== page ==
English Springer Spaniel Puppies For Adoption Midwest:
There are many wonderful things about adopting a puppy from an animal shelter or rescue group. They have been set up with the sole purpose of finding loving homes for these precious little creatures. Some shelters even provide medical care and vaccinations at no cost to the pet owner! Other than all this great assistance, there is always one major drawback; they do not usually get new puppies every day!
If you live in a large city like New York City, Los Angeles, Chicago or Houston, chances are your local shelter will not be able to offer you any puppies at all. You may have heard about some rescues that take in homeless dogs and cats. These groups often place the animals directly into foster homes until they find them permanent forever families. Unfortunately these adoptions are very expensive and only happen occasionally so it is best to save those dollars for when you actually need them!
If you don’t mind waiting a few months, but still want to make sure that your furry friend is going to be around when you need him most, then you might consider adopting from an animal shelter. There are two main types of shelters: private and government run. Private shelters are typically run by individuals who dedicate their lives to helping animals in need. Government owned shelters tend to be larger operations where the staff works for the government and cares nothing for saving animals’ lives.
Unfortunately, many of these government run shelters have severe space limitations. This means that they will only accept a few animals into their care and many more are left to fend for themselves on the streets. The good news is that private shelters usually have more flexibility in this area since they are not bound by government regulations. These private shelters can vary greatly in size, but most work to find homes for every animal in their care.
Shelters often have a large waiting list for adopting, but this is primarily for the people who live in the area. There is no reason you cannot call the shelter and request to be put on a waiting list if you are currently living elsewhere. If you already know what type of dog you are interested in, let them know. This will help them to know what to look out for when new dogs arrive at the shelter.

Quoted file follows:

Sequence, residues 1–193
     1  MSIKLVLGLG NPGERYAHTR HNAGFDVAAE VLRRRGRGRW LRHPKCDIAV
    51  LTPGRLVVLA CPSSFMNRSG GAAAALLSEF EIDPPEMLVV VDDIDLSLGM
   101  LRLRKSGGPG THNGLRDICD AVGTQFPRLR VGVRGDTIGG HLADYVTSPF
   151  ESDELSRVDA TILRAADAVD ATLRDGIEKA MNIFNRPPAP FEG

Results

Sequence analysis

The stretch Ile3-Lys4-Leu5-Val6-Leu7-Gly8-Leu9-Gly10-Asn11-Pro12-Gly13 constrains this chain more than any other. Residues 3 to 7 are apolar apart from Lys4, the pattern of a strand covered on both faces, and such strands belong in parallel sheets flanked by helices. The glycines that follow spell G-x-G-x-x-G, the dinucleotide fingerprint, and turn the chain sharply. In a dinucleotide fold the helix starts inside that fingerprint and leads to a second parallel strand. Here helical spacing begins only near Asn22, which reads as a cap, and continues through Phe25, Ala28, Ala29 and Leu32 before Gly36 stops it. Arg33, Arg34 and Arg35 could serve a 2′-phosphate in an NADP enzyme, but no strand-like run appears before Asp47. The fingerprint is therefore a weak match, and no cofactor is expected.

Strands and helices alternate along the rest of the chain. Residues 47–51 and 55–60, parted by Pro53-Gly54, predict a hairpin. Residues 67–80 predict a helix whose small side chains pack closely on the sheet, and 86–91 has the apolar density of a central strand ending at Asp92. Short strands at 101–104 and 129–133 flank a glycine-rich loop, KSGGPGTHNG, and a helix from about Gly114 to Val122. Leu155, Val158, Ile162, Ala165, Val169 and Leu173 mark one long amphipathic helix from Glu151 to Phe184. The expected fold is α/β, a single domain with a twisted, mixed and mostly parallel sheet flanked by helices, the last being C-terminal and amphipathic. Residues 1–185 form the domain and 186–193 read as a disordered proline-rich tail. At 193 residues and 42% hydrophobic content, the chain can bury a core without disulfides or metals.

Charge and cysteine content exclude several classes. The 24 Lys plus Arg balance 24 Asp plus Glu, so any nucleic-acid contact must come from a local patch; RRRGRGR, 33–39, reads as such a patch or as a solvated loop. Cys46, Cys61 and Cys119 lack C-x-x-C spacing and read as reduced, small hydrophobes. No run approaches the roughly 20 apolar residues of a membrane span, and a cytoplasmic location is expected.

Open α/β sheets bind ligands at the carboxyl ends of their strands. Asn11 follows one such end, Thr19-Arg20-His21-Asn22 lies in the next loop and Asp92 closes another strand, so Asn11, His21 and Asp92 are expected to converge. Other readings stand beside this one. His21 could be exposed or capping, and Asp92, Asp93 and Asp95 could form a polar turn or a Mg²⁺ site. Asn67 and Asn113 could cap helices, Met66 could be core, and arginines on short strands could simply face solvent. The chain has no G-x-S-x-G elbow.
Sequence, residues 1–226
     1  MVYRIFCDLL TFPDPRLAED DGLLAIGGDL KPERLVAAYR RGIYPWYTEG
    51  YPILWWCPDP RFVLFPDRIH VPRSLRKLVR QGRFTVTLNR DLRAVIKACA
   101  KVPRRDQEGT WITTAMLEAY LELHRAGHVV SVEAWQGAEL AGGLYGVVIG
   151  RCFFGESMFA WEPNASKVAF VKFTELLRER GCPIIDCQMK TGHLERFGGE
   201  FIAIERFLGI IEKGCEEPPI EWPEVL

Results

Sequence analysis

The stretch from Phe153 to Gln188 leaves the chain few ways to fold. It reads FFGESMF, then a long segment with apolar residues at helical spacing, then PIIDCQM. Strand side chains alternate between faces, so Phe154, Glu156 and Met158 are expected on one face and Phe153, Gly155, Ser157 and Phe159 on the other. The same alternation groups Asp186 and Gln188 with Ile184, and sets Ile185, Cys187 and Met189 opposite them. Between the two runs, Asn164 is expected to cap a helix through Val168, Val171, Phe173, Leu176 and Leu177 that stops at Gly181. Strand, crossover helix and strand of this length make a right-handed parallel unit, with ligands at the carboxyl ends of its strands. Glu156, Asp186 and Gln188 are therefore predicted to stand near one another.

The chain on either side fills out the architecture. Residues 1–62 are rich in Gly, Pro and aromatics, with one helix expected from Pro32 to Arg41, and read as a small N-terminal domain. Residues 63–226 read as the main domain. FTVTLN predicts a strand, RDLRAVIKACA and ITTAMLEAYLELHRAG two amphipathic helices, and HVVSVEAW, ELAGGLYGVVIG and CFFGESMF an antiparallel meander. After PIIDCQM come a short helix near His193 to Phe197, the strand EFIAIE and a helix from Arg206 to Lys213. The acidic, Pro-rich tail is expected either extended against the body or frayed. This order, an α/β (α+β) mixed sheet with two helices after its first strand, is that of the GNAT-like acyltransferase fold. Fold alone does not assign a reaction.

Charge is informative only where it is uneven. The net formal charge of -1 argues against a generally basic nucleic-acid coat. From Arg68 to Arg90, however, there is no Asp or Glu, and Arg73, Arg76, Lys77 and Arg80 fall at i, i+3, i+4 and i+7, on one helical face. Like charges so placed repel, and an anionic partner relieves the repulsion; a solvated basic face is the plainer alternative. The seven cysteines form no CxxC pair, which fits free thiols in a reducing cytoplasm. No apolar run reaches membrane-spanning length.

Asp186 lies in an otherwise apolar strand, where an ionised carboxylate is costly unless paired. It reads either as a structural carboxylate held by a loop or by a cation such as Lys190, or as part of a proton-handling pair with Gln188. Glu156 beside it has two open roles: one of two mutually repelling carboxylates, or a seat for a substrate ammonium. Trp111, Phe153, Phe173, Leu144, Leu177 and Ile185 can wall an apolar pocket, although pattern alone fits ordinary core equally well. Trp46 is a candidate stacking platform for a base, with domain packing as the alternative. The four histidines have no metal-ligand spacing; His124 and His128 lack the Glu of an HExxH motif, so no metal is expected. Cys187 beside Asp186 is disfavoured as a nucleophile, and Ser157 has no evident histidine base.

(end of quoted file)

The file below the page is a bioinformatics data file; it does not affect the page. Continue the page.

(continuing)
They can also try to accommodate your needs however they can. For example, if you want a dog that is three years old and of a certain breed, they can start checking the system for dogs that match that description that are due to be euthanized for space reasons.
You can save pets. ADOPT!
Adopting a cat can be just as fulfilling as adopting a dog. However, there are a few things to consider before taking on the responsibility of a feline friend. Like a dog, it is best to adopt an older cat from the shelter. Kittens require a lot of attention and resources that you may not have to give.
Not to mention, kittens can be very playful and their claws and teeth can be very destructive.
Just like dogs, cats can get lonely if they do not have another feline companion to hang out with. If you work long hours and rarely at home, you may want to consider getting two cats rather than one. This will provide your pet with the company it needs and will also save you from having to get another one later.
Remember that cats need attention too. They may be independent a lot more than dogs, but regular play time, scritches behind the ears and general love is just as important for them as us.
Like puppies and kittens, there are also plenty of young adult cats that need homes. These are animals that for whatever reason their family could no longer keep them and they have outgrown the kitten stage, but are still young enough to adapt to a new home. They still have that adorable factor and can easily fit into just about any lifestyle.
Senior cats make up the last category that most shelters have available for adoption. Just like senior citizens, these felines are at the tail end of their life and tend to have a calmer demeanor than their younger friends. Just like people, as cats get older they tend to become set in their ways. They do not like change and will often times resist it.
This means that you need to do a little research before adopting an older cat. Find out where the cat you want to adopt currently lives and call the owner. Ask if the animal is friendly, if it has any health problems and just how old it is.
When you meet the cat, take note of its interaction with others.
Does it hide when visitors come by or is it actively engaging them?
A cats age can be determined in several ways: the amount of white on their face, the condition of their teeth, and most importantly, its behavior.
It is a common misconception that cats are self-groomers and do not need baths.
Sources & references used in this article:
Chronic hepatitis in the English springer spaniel: clinical presentation, histological description and outcome by NH Bexfield, C Andres-Abdo, TJ Scase… – The Veterinary …, 2011 – ncbi.nlm.nih.gov
Atrioventricular muscular dystrophy in a 5-month-old English springer spaniel by SR Lai – The Canadian Veterinary Journal, 2009 – ncbi.nlm.nih.gov
Exercise-induced hyperthermia syndrome (canine stress syndrome) in four related male English springer spaniels by E Thrift, JA Wimpole, G Child, N Brown… – Veterinary Medicine …, 2017 – ncbi.nlm.nih.gov
Neospora caninurn Infection in English Springer Spaniel Littermates: Diagnostic Evaluation and Organism Isolation by P Cuddon, DS Lin, DD Bowman… – Journal of Veterinary …, 1992 – Wiley Online Library
Characterisation and outcome of idiopathic pyogranulomatous lymphadenitis in 64 English springer spaniel dogs by C Dor, I Gajanayake, A Kortum, MJ Day… – Journal of Small …, 2019 – Wiley Online Library
Inherited lysosomal storage disease in an English springer spaniel. by CB Keller, J Lamarre – Journal of the American Veterinary Medical …, 1992 – europepmc.org